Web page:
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Consider the sentence:

I saw her cry.

Why is it, then, that we can't say:

I saw her be crying.

And instead say:

I saw her crying.

?

Why is the second sentence infelicitous?

  • I saw her sad/ being sad; upset/ being upset; happy/being happy; angry/ being (or) getting angry. [What do these words: sad, upset, happy, and angry have in common?] – Mari-Lou A Aug 10 '15 at 19:30
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    Perhaps this question would fit better on our sister site: ell.stackexchange.com – Mari-Lou A Aug 10 '15 at 19:35
  • There are three sentences. Which one of the three does the title refer to? That is, which one do you call infelicitous? And what are you saying about the other two, are they felicitous? Please be more specific. – chasly from UK Aug 10 '15 at 19:38
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    Sense verbs like see can take several different kinds of complement clause, including gerunds (e.g, crying) and infinitives without to (e.g, cry). Sentence (2) is bad because be crying is a progressive infinitive, and these are rare without to; there is a rule called to be-deletion that removes both to and be, but not just one. If you tried a passive infinitive, the be might do better: I saw him be arrested is not too bad, and I saw him being arrested is just fine. – John Lawler Aug 10 '15 at 20:18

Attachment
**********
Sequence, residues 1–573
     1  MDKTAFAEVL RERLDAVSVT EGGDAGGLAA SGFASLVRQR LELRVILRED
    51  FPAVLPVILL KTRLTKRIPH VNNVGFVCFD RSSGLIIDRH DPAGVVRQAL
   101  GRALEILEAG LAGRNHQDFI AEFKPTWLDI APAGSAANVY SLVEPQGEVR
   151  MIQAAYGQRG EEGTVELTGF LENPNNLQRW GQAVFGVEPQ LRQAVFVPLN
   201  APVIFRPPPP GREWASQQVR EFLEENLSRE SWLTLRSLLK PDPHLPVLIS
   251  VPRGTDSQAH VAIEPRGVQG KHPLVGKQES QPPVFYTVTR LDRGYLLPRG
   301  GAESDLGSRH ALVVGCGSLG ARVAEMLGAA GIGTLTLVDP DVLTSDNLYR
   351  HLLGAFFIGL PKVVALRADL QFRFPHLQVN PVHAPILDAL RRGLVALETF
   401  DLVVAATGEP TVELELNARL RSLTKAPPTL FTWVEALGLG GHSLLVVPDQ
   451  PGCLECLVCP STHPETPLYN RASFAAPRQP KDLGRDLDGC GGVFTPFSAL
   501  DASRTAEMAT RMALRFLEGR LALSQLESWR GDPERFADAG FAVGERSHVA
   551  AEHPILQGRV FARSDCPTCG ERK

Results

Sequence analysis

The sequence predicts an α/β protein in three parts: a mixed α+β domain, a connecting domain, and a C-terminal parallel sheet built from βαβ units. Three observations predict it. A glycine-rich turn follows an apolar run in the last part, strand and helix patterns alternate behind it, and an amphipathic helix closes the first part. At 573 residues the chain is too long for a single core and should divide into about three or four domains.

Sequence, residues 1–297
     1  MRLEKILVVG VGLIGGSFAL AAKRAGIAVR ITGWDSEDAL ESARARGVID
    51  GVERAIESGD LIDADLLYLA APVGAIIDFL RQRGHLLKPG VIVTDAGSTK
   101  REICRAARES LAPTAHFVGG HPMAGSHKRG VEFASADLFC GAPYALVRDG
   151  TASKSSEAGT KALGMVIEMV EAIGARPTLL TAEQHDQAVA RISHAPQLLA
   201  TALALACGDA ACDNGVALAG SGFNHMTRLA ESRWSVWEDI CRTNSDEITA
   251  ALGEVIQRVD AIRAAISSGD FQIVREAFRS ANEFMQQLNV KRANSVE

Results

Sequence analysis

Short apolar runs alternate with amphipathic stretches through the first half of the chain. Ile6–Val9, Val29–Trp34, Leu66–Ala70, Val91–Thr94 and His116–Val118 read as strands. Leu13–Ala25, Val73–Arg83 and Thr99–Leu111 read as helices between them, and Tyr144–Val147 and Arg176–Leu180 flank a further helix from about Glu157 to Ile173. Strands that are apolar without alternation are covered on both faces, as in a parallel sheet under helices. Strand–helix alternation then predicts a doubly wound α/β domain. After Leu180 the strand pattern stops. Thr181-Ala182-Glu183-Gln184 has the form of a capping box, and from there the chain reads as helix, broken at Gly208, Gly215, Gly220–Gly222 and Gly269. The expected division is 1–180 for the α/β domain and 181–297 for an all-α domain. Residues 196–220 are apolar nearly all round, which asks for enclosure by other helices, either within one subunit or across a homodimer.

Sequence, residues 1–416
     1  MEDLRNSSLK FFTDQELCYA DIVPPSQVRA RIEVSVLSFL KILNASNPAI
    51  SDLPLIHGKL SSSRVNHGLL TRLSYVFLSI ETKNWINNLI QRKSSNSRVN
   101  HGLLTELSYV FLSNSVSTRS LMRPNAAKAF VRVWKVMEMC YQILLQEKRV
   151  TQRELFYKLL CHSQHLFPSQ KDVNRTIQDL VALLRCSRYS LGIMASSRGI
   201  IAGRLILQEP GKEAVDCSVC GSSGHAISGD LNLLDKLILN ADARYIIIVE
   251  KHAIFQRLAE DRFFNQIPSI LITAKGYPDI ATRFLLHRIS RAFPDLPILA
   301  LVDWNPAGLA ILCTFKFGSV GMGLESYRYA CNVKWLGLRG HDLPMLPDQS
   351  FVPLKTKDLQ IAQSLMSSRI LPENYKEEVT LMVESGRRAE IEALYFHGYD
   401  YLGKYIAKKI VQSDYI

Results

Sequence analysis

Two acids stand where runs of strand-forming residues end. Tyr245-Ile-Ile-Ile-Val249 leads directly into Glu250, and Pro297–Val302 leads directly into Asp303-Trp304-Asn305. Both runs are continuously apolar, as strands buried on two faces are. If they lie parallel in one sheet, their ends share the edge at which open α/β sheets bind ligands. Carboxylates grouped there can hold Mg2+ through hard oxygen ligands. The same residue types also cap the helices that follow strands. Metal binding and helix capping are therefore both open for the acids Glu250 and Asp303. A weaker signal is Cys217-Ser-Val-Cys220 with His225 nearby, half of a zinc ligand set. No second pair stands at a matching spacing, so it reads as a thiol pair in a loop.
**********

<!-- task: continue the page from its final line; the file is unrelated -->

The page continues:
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    @Edwin: I did a post on various uses of -ing forms and their properties some time ago. These days the only thing I'd add would be the ACC-ing gerund complementizer as well as POSS-ing. Otherwise it corresponds to the way I use the term. It's the verby end of the noun-verb cline, all right. Direct objects, no articles, adverbs, subjects either present or indefinite or governed by Equi, complement clauses used as subject or object. The gerund clause is an NP, but the gerund itself heads a VP. – John Lawler Aug 10 '15 at 21:24

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